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2009 18th International Conference on Parallel Architectures and Compilation Techniques (2009)
Raleigh, North Carolina, USA
Sept. 12, 2009 to Sept. 16, 2009
ISSN: 1089-795X
ISBN: 978-0-7695-3771-9
pp: 125-135
With advances in hardware, instruction set architectures are undergoing continual evolution. As a result, compilers are under constant pressure to adapt and take full advantage of available features. However, current techniques for evaluating relative compiler performance only compare profiles at the application level, ignoring relative performance differences at finer granularities. To ensure that new features are put to good use, a more rigorous approach is necessary. A fundamental step in tuning compiler performance is identifying the specific examples that can be improved. To solve this problem, we present a compiler-independent binary matching technique to compare executions of differently compiled programs and identify intervals where the behavior can be meaningfully compared. Matched intervals can be automatically analyzed to identify anomalous segments of execution where one version performs significantly differently versus another. We present case studies using Chainsaw to identify significant performance anomalies between differently compiled codes.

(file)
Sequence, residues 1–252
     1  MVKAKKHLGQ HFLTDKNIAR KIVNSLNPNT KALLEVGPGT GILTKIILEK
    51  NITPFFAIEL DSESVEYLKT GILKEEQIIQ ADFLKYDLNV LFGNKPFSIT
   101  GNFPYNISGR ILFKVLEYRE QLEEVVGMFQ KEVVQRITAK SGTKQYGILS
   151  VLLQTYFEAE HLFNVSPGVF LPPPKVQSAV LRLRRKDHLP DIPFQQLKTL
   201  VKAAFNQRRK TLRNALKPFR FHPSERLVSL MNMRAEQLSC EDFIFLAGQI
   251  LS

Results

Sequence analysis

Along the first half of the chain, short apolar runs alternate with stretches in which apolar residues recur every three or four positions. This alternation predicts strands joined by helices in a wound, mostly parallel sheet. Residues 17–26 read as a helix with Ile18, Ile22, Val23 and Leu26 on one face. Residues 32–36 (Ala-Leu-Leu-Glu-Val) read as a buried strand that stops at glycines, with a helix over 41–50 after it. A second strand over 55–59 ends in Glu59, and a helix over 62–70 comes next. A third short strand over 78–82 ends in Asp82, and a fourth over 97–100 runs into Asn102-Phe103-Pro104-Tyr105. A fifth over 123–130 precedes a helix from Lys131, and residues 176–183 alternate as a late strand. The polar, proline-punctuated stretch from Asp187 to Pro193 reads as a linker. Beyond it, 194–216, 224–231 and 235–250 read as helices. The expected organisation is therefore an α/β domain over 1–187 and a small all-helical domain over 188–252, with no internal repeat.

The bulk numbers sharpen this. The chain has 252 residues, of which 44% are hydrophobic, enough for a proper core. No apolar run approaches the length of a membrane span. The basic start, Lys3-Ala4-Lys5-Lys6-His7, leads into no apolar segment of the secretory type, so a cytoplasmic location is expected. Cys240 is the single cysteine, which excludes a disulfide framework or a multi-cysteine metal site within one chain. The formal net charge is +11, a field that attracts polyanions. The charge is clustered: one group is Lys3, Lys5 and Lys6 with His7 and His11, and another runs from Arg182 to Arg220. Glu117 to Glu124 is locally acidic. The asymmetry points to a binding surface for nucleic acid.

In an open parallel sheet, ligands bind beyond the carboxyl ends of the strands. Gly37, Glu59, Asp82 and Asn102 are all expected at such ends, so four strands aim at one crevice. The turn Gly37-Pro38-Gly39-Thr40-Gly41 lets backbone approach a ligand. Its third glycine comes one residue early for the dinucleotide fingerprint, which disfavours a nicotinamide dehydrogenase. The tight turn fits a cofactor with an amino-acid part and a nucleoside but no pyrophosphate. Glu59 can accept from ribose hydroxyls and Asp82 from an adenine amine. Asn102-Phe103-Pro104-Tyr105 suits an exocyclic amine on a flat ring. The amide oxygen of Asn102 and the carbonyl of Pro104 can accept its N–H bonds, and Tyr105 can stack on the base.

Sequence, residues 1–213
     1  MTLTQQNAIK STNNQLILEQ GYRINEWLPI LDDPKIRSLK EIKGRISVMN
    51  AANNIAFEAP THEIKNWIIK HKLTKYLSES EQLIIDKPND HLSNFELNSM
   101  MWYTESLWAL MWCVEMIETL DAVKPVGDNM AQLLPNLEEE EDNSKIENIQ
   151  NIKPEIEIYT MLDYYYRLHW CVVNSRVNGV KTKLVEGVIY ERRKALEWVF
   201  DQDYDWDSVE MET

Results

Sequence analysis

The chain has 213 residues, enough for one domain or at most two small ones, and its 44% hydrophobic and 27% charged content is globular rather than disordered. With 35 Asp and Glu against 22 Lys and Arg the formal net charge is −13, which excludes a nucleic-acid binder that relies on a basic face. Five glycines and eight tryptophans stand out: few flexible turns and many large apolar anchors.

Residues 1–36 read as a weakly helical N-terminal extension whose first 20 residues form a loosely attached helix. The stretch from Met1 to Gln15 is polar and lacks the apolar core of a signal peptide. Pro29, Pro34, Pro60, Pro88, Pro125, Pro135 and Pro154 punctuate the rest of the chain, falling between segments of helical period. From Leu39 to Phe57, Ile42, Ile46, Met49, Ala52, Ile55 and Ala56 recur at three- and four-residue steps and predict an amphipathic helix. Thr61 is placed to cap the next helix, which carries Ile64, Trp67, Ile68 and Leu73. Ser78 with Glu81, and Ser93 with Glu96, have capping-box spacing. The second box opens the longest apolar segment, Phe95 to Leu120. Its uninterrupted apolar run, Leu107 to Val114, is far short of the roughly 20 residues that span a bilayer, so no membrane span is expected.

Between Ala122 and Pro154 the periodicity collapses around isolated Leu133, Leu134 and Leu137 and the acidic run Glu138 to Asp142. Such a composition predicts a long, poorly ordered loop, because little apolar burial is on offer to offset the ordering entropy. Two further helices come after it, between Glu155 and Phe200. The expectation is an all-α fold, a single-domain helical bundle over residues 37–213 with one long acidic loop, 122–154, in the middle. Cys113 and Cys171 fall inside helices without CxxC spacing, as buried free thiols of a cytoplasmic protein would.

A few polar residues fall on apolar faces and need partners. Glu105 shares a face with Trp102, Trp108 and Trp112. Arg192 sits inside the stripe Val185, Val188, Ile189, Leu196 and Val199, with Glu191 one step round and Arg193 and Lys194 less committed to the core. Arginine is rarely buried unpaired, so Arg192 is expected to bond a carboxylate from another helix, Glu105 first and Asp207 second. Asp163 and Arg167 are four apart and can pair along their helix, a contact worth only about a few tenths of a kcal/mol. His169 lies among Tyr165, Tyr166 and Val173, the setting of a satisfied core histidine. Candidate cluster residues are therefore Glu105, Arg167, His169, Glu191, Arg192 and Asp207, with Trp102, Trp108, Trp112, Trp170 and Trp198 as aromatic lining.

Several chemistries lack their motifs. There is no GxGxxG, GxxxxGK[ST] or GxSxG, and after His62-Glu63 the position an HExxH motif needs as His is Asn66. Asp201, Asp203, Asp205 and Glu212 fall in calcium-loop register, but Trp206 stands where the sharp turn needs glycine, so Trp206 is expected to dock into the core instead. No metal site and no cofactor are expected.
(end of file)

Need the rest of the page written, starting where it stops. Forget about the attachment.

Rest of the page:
compilers, profiling, binary matching

R. Peri, D. Grunwald and T. Moseley, "Chainsaw: Using Binary Matching for Relative Instruction Mix Comparison," 2009 18th International Conference on Parallel Architectures and Compilation Techniques(PACT), Raleigh, North Carolina, USA, 2009, pp. 125-135.
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